Mocked, like Scioccolone by his brothers, Sheldon was not deterred. He built a shelter for the three maidens. Or rather, he self-published Involution and Evolution himself, and gave it away for free.
Like Scioccolone, he did not become a king. The majority of self-published authors sell less than a hundred copies of their books, and Sheldon barely did any better.
But he persevered. He passed the king’s castle and retired to a shack in the forest. Or rather, he travelled to the Himalayas, in India, where he wrote his second novel, ‘Occupied’.
This brought Sheldon back to the king’s palace once more. And once again he was rejected. Unlike Scioccolone, he was not deemed too ugly for a princess. But his work, once again, was deemed too radical for mainstream audiences. Literary agents rejected Occupied, and publishing houses ignored it. He was banished to the far reaches of the kingdom.
But Sheldon used his time well. The fledgling author became a man; unrecognizable from his former self.
Just as the king did not recognize the new Scioccolone when he saw him again, the literary world did not recognize the new Sheldon. Occupied, whilst by no means a mainstream success, did receive critical acclaim. Buzzfeed called it “Ethereal”. AXS called it “Radical”.
Sheldon was ready to return to the castle, to take up his throne as a literary king.
His third novel, ‘The Little Voice’, may just be the book that announces his coronation.
The Little Voice, which will be released later this month, is a work of “Psychological Realism”. It’s real; set in a world which any reader will recognise. And it’s psychological; inspired by the conflict we face when society tells us to act one way, and our own “little voice” tell us to act in another.
The book’s protagonist, Yew Shodkin, regales us with his struggles; firstly as a student, moulded by his teachers and parents, and then as an employee; swayed by his bosses and peers. Throughout this process, Yew loses touch with his real self. His mental anguish grows and grows.
Like Sheldon’s previous works, The Little Voice tears up the rule book. It combines two seemingly contradictory styles. In one part, it’s a fairy tale; featuring an imagined creature, ‘The Egot’, who lives inside Yew’s brain and tells him what he really wants to do. It’s fantastical, absurd and brilliant. Yet, at the same time, The Little Voice is grounded in reality. The psychological pressures Yew experiences are analysed in scientific terms. The book introduces a number of psychological studies, such as the Milgram Experiment, which explain what happens to Yew.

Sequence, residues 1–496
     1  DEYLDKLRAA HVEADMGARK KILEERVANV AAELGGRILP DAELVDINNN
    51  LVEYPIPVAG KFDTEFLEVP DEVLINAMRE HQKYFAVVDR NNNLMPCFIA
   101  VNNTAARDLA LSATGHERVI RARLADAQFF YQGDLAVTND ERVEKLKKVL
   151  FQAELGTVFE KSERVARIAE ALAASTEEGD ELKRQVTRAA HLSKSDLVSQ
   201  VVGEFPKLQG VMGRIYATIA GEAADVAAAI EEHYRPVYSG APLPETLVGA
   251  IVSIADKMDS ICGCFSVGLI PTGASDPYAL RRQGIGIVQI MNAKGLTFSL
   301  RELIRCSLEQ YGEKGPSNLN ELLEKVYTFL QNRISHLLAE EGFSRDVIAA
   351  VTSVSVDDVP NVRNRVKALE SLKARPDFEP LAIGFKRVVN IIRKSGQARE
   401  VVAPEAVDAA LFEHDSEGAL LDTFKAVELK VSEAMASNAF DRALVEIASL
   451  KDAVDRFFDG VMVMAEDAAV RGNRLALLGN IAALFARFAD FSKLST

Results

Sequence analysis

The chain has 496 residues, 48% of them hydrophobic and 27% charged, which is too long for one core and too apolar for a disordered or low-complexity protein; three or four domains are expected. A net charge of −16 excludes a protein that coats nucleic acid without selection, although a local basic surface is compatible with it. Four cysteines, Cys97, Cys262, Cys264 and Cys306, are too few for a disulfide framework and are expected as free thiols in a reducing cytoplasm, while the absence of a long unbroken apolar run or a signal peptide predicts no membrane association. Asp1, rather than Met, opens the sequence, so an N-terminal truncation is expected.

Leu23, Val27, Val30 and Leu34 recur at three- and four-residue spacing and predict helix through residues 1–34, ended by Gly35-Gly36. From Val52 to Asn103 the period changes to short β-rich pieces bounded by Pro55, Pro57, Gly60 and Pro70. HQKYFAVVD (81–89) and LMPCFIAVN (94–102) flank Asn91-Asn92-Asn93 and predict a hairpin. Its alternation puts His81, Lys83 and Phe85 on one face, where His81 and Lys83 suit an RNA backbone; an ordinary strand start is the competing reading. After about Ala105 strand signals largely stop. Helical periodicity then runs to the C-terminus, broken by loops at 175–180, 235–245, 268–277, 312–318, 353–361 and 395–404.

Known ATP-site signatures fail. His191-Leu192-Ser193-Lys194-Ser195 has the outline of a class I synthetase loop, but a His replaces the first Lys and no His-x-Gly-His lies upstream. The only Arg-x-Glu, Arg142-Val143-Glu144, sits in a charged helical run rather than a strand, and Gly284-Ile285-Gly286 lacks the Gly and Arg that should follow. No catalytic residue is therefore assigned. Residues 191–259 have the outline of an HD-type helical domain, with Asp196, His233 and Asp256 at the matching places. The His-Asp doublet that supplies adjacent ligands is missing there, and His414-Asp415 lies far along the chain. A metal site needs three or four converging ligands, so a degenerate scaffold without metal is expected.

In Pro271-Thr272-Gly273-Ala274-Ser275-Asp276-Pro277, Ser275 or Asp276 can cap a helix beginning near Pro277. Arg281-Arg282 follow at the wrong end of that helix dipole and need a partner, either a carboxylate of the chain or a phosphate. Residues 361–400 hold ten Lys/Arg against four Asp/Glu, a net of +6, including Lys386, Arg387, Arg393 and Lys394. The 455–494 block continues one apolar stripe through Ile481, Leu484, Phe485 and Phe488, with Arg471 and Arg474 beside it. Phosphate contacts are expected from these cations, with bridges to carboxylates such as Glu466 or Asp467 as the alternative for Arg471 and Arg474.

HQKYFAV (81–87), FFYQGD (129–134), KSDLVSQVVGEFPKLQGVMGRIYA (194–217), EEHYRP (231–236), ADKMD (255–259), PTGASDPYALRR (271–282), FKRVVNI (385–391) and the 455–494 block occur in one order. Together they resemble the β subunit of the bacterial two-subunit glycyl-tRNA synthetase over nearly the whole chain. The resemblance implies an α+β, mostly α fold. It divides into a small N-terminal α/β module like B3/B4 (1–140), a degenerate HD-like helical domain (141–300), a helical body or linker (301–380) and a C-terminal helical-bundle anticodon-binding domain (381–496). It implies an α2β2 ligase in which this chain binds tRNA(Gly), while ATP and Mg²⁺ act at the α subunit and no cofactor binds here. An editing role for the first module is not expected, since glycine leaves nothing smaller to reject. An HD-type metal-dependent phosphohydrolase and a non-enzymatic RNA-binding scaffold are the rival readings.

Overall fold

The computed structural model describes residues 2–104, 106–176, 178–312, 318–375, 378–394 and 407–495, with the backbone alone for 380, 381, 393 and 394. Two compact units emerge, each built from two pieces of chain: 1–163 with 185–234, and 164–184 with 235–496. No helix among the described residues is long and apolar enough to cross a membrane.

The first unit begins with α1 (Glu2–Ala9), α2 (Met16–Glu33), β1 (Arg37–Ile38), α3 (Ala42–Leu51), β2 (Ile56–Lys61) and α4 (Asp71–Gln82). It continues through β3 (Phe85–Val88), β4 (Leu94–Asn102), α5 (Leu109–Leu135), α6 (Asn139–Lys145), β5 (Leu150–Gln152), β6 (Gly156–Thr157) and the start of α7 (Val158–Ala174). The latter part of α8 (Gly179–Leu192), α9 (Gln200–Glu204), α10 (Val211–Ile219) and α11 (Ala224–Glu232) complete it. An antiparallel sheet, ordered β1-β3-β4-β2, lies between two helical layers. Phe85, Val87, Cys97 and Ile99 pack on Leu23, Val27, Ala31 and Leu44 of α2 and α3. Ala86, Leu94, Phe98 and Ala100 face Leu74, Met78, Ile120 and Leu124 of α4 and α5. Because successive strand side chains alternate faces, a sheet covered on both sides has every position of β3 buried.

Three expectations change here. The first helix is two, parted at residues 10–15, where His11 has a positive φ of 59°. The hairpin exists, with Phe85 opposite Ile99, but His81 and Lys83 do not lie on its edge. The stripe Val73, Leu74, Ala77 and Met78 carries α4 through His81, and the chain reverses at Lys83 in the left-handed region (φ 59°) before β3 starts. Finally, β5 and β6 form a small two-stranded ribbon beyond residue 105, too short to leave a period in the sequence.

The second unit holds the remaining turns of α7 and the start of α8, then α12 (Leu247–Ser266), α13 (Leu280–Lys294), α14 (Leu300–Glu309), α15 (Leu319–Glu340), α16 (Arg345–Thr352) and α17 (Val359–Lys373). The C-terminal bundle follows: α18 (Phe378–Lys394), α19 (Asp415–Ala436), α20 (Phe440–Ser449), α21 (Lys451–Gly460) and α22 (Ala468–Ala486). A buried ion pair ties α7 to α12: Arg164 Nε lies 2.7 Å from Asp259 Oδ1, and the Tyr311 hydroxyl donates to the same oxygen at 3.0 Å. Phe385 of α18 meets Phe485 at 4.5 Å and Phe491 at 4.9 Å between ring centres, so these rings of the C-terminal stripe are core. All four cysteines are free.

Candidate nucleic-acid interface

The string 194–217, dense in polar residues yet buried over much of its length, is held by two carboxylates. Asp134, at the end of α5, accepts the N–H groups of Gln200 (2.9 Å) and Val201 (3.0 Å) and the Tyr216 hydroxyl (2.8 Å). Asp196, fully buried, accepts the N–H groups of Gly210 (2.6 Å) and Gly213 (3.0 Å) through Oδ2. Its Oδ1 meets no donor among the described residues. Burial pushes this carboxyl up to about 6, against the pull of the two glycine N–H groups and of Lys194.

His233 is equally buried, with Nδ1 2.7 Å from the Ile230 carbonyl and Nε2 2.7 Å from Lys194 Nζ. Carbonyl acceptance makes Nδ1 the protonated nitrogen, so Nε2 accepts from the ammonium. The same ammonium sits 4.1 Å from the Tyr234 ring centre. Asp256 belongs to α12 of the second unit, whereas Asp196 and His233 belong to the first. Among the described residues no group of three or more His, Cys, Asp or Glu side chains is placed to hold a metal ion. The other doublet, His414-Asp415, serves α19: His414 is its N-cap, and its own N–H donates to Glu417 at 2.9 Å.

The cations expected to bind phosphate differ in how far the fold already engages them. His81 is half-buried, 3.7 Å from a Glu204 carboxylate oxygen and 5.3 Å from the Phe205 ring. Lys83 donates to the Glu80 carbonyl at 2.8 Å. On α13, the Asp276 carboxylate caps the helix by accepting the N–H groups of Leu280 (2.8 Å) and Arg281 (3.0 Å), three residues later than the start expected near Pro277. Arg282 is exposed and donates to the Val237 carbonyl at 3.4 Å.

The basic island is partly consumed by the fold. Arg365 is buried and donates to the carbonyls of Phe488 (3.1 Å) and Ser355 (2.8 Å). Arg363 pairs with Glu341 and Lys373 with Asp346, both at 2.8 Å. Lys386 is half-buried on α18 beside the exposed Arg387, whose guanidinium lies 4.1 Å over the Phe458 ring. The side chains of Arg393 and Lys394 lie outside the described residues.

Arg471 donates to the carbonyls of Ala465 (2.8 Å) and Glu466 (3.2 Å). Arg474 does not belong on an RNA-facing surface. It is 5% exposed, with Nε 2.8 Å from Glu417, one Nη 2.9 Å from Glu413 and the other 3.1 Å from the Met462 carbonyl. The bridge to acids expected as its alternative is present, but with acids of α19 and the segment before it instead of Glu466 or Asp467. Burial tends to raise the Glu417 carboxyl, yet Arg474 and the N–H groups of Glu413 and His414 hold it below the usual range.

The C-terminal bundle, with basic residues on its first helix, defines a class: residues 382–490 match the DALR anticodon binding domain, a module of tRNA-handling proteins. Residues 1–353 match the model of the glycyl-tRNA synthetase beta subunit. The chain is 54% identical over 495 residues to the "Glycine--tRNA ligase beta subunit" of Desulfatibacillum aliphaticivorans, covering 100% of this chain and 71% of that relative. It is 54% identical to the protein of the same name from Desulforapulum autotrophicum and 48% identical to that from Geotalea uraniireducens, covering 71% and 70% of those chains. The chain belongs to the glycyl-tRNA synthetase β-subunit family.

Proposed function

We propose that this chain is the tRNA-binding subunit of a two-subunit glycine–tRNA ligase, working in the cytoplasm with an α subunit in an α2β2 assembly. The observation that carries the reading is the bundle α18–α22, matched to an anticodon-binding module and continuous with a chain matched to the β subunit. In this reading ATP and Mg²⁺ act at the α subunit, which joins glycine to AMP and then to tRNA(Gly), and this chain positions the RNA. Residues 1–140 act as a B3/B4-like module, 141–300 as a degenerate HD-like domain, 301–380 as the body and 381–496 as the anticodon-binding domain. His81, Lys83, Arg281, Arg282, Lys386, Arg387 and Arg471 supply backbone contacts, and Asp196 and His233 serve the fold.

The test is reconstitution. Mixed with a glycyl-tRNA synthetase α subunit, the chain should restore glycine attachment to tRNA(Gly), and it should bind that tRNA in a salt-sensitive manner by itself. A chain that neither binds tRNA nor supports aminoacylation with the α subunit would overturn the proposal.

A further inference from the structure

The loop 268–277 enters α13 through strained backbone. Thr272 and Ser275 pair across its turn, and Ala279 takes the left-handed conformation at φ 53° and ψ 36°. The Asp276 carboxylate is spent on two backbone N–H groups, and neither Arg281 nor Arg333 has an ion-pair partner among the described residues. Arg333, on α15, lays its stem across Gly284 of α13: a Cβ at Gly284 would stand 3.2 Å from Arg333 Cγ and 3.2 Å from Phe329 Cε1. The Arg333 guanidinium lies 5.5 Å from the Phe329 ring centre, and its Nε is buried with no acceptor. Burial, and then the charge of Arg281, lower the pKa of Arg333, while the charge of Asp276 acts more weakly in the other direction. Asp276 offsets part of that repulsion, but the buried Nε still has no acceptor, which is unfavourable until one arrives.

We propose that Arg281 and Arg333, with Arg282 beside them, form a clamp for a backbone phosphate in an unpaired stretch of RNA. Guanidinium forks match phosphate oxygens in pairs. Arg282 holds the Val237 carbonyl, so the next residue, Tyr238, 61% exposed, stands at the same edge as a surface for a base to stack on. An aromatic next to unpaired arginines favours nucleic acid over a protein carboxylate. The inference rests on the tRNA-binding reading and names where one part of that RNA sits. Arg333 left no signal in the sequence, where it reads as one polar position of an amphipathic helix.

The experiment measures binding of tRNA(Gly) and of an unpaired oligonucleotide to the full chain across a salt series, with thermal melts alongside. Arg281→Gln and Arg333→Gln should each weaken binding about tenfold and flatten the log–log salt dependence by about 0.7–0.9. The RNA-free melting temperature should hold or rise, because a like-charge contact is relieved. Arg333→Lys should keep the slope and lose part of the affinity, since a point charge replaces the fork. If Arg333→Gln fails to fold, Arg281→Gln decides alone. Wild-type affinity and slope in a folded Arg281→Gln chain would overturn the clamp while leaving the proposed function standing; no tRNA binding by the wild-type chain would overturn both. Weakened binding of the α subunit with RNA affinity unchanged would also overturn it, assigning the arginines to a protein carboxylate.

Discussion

The book is both rational and emotional. It inspires hope and fear, optimism and depression. Then it analyses those emotions. It explains the pressures we all experience from time to time.
That’s the magic of The Little Voice. It’s probably the most thought-provoking novel of 2016. Not only does it make the reader question the events which take place in the book, it also encourages the reader to question events they will have experienced in their own lives.
Most people will have had a parent who has told them, “Be good! Don’t do anything I wouldn’t do.” Most people will have had a teacher who has told them, “We don’t want to punish you, but we need to do it for your own good.” Most people will have had a boss who has told them, “If you work hard now, you’ll be rewarded with a pay-rise in the future.”
These are the sort of pressures that affect Yew throughout his life; everyday pressures which seem innocuous on their own, but which are strong enough to completely transform a person’s personality over time.
Yew, for example, feels uncomfortable when he first goes to school. He is forced to sit inside a classroom for hour after hour, when he’d rather be outside, playing like a child. Yet, after many years stuck in that sort of environment, he becomes accustomed to it. When he gets his first job, in an office which is eerily reminiscent of his classrooms at school, he actually feels at home.
Yew’s natural inclination is to play; to run around, pass love notes to the girls in his class, and challenge his friends to pretend sword fights. But he is punished whenever he acts in such a manner, and rewarded whenever he behaves; a process which the psychologist B. F. Skinner called Operant Conditioning. In time, Yew’s personality is transformed. He restrains his natural urges, and becomes the person others wish him to be.
Events in The Little Voice range from the mundane to the ridiculous. The book is one part spiritual and one part base. But it remains rooted in the real world, and that’s what makes it stand out.
Whereas Involution and Evolution was set a hundred years ago, and Occupied was set in a fictitious land, The Little Voice is based in the here and now. Sheldon, like Scioccolone, has reinvented himself once again.
Literary agents and mainstream publishers may mock him, but Sheldon has written a novel that could put him in the company of literary royalty. He’s marching up to the king’s castle, clutching his novel to his chest, and he’s ready to take the throne!
The Little Voice will be released on November 23rd 2016.